Trade shows and conferences have been part of the business landscape for more than a century. In many ways, the protocol surrounding these events has remained unchanged over the years: a gathering of industry players at a central location for a limited period of time, with lineups of guest speakers and panel discussions complemented by exhibits showing the latest products, services and high-tech solutions.
Attendance at these events has recorded year over year growth in 24 of the last 25 quarters, according to the Center for Exhibition Industry Research. Business-to-business trade shows generated more than $12.6 billion in revenue in 2015, with roughly half generated by registration fees, according to Statista, an online statistics portal.
Yet some are not convinced that these events offer a return on investment
Ibraiz Tarique, professor of human resources and talent management at Pace University’s Lubin School of Business and author of “Seven Trends in Corporate Training and Development: Strategies to Align Goals with Employee Needs,” said the problem is not about the content of the event, but whether companies are sending the right people to attend.
“You need to find the individual with the right traits and skills,” he said. “Not everyone benefits from participating in these conferences. You need someone with the right sociability skills, a high level of learning agility, the ability to network and the ability to pass the knowledge learned at these events back to the company.”
Without those traits, Tarique added, companies gain nothing if the wrong employees are sent to conferences. “They can be very expensive and the worst thing anyone can do, ad hoc, is send someone to a conference,” he said.
The American Society of Association Executives estimated a median cost of $1,375 for a company sending a business professional to a trade show, with the greatest costs incurred for lodging, registration and transportation.
Mickey Herbert, president and CEO of the Bridgeport Regional Business Council, noted that travel expenses, coupled with employees’ absence from a company to attend a show, could negate the value of those events. “If I was running a company today, I’d want my employees to justify why they would need to go off to a conference,” Herbert said.
George Holly, founder and CEO of I.M. SMITTeN, an artisan furniture company headquartered in Trumbull, said some major retail firms have bypassed the trade- show circuit. “There are mass market companies that may only have eight to 10 customers but those customers provide 80 to 90 percent of their volume,” he said. “They will just visit their customers directly or have the customers visit their showrooms.”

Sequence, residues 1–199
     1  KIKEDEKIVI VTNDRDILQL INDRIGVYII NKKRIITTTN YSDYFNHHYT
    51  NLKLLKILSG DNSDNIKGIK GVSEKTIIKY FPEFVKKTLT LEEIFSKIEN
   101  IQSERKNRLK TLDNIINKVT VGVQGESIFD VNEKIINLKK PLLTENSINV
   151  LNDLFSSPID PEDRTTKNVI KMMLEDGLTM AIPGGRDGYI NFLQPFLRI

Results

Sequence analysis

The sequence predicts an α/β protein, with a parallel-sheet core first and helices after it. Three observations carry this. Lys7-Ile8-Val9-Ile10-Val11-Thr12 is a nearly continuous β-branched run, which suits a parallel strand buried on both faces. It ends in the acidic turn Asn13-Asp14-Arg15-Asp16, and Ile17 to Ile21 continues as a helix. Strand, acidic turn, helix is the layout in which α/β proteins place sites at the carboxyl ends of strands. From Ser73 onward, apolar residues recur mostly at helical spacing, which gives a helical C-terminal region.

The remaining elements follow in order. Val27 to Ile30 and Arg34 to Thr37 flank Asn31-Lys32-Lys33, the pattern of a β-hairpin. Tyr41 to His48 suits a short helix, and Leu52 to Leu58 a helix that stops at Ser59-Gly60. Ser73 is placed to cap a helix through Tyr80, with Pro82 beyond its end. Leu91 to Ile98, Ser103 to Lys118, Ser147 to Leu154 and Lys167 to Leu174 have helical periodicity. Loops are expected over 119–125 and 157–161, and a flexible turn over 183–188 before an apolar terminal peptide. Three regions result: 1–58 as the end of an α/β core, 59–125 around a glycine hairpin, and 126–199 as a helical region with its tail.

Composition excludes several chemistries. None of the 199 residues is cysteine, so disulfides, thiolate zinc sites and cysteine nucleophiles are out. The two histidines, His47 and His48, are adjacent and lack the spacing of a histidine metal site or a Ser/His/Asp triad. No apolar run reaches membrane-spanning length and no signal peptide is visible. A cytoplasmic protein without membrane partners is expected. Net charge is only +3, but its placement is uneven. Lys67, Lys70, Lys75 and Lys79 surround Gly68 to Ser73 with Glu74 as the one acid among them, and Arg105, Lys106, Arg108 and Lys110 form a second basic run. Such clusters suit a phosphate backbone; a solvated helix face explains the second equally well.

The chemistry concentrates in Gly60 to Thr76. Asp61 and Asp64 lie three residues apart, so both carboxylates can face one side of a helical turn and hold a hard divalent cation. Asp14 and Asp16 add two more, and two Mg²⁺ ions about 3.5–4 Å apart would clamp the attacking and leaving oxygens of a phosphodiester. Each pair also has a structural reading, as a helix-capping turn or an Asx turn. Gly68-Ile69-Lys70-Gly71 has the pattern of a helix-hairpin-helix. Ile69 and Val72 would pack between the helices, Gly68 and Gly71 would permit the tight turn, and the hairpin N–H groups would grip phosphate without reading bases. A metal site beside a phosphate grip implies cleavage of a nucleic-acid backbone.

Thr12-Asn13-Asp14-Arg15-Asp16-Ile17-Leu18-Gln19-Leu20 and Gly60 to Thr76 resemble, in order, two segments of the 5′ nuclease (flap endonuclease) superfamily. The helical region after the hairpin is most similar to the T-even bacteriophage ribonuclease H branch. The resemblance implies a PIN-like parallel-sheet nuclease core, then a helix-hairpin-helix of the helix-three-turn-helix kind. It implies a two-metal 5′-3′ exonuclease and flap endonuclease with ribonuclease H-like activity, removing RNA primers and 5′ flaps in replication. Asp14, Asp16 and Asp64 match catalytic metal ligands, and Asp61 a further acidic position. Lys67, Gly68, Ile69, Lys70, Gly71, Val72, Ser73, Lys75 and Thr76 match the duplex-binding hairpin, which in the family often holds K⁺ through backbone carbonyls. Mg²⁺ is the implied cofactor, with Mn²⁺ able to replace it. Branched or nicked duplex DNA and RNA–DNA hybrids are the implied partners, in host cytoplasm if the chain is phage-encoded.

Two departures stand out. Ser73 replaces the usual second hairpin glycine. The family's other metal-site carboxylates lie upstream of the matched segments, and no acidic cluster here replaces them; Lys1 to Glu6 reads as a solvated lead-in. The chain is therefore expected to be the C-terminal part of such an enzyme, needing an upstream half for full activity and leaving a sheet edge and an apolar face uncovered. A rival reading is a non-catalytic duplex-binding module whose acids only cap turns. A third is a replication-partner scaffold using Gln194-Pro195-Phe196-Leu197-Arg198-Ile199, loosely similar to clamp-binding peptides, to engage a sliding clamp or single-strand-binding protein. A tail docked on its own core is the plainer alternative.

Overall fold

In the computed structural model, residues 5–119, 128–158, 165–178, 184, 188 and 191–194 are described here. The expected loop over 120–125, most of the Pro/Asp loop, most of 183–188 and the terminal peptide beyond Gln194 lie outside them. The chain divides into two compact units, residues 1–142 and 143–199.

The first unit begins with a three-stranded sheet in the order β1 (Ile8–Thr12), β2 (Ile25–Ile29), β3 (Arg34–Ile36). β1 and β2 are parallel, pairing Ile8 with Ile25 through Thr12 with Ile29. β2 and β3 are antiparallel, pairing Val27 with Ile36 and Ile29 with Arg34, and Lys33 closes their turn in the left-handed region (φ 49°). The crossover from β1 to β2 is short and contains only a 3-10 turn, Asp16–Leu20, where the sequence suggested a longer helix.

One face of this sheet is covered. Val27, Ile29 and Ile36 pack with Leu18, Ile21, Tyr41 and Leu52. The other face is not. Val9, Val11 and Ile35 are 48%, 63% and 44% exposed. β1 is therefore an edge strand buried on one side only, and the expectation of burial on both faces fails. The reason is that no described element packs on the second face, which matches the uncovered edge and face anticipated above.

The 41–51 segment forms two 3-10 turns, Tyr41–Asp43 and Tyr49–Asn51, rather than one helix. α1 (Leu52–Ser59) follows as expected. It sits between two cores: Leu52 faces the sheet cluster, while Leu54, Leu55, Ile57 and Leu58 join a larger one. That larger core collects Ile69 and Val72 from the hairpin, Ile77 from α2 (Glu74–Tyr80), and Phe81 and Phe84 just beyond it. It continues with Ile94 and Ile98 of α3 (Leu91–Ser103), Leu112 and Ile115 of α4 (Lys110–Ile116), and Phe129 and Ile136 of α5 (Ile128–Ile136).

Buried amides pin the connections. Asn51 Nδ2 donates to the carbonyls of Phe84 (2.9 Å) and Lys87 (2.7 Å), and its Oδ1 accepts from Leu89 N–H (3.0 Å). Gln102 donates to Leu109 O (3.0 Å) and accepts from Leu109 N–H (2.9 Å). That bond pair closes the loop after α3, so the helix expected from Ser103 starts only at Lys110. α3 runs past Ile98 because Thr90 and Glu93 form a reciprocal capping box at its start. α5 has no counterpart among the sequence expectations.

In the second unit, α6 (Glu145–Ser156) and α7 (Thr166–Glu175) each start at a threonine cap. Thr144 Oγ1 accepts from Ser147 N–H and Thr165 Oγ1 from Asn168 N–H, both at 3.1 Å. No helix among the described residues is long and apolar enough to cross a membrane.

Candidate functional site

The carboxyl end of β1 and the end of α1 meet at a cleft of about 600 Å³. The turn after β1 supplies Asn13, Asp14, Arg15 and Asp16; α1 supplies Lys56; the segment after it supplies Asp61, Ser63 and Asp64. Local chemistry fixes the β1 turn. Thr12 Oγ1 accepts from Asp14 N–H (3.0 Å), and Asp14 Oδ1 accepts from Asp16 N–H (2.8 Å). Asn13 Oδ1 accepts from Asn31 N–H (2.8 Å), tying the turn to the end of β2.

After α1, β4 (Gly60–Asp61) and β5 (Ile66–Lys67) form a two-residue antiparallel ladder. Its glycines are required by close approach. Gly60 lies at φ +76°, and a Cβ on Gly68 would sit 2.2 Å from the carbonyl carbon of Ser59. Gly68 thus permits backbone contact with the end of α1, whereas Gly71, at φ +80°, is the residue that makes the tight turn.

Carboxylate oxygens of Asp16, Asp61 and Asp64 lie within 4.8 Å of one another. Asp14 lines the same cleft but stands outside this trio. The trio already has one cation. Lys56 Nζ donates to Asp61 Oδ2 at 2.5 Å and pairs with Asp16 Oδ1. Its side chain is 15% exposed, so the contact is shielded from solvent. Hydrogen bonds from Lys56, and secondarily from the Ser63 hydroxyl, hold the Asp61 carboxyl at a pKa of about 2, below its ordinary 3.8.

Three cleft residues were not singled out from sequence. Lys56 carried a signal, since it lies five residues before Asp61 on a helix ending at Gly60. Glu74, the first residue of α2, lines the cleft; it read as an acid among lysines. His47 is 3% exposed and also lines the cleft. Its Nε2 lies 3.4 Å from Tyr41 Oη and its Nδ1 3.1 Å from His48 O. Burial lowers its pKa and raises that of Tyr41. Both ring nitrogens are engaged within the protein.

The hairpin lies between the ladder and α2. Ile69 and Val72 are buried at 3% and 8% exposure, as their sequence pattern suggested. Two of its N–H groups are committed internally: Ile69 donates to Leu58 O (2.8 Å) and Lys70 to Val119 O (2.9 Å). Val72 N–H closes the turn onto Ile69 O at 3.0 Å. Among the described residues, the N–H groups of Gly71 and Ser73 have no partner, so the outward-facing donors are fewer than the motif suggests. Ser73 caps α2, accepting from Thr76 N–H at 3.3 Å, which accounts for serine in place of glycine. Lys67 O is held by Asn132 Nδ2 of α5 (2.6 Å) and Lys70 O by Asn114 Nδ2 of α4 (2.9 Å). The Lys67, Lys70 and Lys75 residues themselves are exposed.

Joe Gambino, vice president and general manager at Saks Fifth Avenue in Greenwich, noted that his company preferred the in-house approach. “I do not attend any industry trade meetings,” he said. “As a company, we attend in-depth training meetings with vendor partners and corporate partners, which provide robust information.”
On the flip side, some executives rely heavily on trade shows and exhibitions to connect with current and potential clients.
Margaret Price, CEO of Ridgefield Supply Co., a construction industry supplier, ensures that members of her corporate team each year attend a half-dozen national and regional industry happenings. “One of the fortunate things about the building material industry is that it is very old-world,” she said. “The face-to-face dialogue and conversation is very important to us.”
Robert Caruso, senior managing director at CBRE in Stamford, agreed on the value of trade event networking, especially when searching for new business. “It is a lot easier for a broker attending a trade event to have a client who is also there introduce you to someone during the show,” he said. “That is better than having to cold call or connect with people through a social
Trade shows could also benefit professionals who rarely get out of the office.
“This could be a huge step up, careerwise, and could help them understand their business better,” said Raymond Manganelli, a professor and executive dean at Mercy College School of Business in Dobbs Ferry. “For example, someone who works in the internal IT of a company would have new insight opened for them — otherwise, they would be circumscribed by the problems within their company. Also, someone who going to this event with their boss would have a chance to demonstrate abilities that their boss may not have seen in the day-to-day job.”
In many cases, the benefits of attendance outweigh the costs, Manganelli said. “I don’t think of cost — I think of value. I am not saying that you should seek out expensive and meaningless trade shows. It is important to be selective in choosing the ones where you can learn and see and converse with people in your field.”
At PCSB Bank, a regional bank headquartered in Yorktown Heights in northern Westchester County, officers are selective about trade event attendance. Joseph D. Roberto, PCSB chairman, president and CEO, said he has sent team members to state and national conferences covering single topics such as cybersecurity and bank regulatory changes. “We prefer to focus on specific industry-related issues, as opposed to just getting together and talking about general industry-type work,” he said.
Attorney Eric L. Green, partner at Stamford’s Green & Sklarz LLC, said that the onus ultimately is on the attendee to make the most of the opportunity. “You get out of it what you put into it. If you sit in the back of the room and play with your phone, you can just as easily sit your office and do that.”
“But if I can get one client out of attending an industry event, it pays for itself,” Green said.